Maddy was farewelled at a service where over 800 people overflowed from the church. Yet my guess is that only the medical staff that attended would have heard of, or known anything about, Sepsis.
How could we have not heard about a condition that is responsible for more deaths in Australia than Breast Cancer, Aids, and the road toll combined?
Sepsis, a preventable condition, that if recognised early enough, can be treated successfully. Maddy was not in a high-risk group. Fit healthy 18-year olds get the flu, rest, and recover. We are now left with the question ‘What if we had known about Sepsis?’. Would Maddy still be here? We will never know the answer to that, but I’m confident that the answer is Yes.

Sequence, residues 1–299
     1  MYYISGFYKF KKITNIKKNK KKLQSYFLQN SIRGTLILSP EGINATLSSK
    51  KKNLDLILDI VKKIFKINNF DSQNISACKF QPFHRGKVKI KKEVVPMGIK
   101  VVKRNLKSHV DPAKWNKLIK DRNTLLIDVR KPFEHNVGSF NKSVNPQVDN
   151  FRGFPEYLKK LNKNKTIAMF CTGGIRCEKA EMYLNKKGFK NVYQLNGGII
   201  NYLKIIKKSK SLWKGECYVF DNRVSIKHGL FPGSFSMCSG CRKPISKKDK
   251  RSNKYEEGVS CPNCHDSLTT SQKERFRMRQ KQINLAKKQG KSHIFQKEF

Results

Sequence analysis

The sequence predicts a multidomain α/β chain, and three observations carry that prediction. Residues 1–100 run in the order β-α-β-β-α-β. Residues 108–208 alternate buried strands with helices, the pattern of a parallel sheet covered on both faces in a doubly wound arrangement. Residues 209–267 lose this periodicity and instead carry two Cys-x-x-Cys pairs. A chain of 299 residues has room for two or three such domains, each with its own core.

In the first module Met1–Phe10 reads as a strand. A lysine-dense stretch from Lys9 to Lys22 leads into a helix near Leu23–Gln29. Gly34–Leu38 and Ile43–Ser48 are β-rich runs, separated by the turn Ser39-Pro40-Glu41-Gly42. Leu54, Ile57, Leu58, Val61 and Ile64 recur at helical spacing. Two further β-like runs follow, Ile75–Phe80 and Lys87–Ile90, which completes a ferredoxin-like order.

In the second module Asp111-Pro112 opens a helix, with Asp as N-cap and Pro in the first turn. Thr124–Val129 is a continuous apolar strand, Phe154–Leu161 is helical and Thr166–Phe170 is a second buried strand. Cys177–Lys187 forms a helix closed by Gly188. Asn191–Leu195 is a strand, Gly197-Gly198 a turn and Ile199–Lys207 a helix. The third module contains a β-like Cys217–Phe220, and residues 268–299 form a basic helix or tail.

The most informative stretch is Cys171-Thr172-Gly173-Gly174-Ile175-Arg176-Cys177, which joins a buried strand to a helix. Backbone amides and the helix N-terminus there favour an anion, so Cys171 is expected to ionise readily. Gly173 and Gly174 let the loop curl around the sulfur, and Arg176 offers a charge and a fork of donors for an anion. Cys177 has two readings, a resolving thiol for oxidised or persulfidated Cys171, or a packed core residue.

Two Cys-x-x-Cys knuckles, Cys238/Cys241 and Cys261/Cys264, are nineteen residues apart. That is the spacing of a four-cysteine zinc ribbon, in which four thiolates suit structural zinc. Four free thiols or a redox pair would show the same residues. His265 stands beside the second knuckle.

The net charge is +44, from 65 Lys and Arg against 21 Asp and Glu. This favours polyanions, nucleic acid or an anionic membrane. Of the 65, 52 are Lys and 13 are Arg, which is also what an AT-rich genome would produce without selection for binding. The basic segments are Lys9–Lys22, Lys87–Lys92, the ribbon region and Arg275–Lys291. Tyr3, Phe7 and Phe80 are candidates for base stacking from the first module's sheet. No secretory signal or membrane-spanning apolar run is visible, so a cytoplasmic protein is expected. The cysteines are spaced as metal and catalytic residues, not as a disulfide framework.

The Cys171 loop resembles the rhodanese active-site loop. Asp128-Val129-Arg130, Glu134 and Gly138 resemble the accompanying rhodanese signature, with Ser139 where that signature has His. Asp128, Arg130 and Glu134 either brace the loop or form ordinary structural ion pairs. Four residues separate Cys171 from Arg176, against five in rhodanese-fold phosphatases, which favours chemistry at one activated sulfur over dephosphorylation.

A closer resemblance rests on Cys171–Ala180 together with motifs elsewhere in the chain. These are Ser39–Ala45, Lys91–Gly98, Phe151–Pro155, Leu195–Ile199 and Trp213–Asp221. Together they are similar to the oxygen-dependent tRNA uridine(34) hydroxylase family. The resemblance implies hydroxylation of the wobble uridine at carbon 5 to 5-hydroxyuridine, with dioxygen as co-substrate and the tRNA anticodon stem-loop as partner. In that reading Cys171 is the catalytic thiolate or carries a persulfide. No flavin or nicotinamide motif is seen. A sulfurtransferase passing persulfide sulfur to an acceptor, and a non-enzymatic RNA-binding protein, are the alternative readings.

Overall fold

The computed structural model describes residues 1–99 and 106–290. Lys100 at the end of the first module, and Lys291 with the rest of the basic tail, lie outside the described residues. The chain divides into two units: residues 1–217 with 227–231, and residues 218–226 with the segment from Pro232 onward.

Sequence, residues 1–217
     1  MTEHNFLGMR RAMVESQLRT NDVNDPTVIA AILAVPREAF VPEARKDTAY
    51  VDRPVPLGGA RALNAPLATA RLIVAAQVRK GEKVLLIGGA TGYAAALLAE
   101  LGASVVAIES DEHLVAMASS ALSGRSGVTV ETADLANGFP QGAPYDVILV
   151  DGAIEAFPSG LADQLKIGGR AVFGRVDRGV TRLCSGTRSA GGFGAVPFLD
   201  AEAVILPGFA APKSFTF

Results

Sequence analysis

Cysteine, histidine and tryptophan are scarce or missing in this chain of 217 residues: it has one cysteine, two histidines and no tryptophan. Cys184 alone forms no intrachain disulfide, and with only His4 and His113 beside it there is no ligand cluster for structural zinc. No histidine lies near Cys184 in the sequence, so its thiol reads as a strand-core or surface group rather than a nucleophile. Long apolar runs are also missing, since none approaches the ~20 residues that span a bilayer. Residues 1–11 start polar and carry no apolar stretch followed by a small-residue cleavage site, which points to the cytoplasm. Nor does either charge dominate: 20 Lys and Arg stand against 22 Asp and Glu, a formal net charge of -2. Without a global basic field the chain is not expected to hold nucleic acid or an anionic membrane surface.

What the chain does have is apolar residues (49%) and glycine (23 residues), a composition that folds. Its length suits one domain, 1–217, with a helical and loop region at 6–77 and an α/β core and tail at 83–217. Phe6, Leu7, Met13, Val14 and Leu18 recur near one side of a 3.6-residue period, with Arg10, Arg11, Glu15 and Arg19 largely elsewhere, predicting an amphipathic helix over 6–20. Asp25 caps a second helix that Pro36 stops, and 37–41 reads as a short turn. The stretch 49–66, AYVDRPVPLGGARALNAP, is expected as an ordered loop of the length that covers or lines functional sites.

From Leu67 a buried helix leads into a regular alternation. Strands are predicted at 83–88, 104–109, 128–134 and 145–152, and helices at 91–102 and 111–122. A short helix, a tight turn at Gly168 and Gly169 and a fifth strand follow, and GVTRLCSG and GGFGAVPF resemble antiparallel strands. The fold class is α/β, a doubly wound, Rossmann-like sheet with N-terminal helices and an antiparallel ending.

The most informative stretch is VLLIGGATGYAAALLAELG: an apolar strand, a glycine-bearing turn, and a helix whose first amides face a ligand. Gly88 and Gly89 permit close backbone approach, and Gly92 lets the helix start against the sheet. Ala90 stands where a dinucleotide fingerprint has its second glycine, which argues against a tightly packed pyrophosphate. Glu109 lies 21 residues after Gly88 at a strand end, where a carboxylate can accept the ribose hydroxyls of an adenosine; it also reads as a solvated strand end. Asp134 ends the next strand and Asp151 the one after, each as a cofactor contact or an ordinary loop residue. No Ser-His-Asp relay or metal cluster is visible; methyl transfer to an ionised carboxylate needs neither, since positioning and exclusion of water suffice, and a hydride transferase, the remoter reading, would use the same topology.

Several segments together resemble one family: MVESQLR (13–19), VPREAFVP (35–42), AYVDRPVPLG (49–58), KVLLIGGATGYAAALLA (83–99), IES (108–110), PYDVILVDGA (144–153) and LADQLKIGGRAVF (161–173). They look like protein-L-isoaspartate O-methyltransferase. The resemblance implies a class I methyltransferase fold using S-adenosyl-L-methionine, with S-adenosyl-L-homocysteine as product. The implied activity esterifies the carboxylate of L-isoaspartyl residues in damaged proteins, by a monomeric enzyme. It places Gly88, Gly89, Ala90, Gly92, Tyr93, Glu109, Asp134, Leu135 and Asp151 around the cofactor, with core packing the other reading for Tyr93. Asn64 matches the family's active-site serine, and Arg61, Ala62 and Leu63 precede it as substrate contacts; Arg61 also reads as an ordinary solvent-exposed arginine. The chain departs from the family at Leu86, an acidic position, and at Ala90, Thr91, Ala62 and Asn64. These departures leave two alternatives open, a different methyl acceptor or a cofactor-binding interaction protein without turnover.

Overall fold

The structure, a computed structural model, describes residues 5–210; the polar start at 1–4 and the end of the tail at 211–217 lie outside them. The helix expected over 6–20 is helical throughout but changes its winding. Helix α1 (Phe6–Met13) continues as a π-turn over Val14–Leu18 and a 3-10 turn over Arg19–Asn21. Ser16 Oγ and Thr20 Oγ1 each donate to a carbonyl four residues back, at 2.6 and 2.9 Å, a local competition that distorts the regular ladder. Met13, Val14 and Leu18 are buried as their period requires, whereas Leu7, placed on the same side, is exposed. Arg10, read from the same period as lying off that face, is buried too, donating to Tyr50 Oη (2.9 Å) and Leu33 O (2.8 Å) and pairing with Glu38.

Through Maddy’s story, her legacy, she will continue to be an achiever by saving the lives of others. Please educate yourself, your family and friends about Sepsis. Share Maddy’s story. Get the Flu Shot and know the signs of Sepsis. It might not just be the flu. Ask the question ‘Could it be Sepsis?’
As a family, Maddy has left us with beautiful memories. With those memories and through her experience, we want to try and help save the lives of others, we want that to be Maddy’s gift to the world.
The article above was written by Damian Jones, Maddy's father, and is shared here with his explicit consent. The views in the article do not necessarily represent those of the Global Sepsis Alliance. They are not intended or implied to be a substitute for professional medical advice. The whole team here at the GSA & World Sepsis Day wishes to thank Damian & his family for sharing Maddy's story and for fighting to raise awareness of sepsis.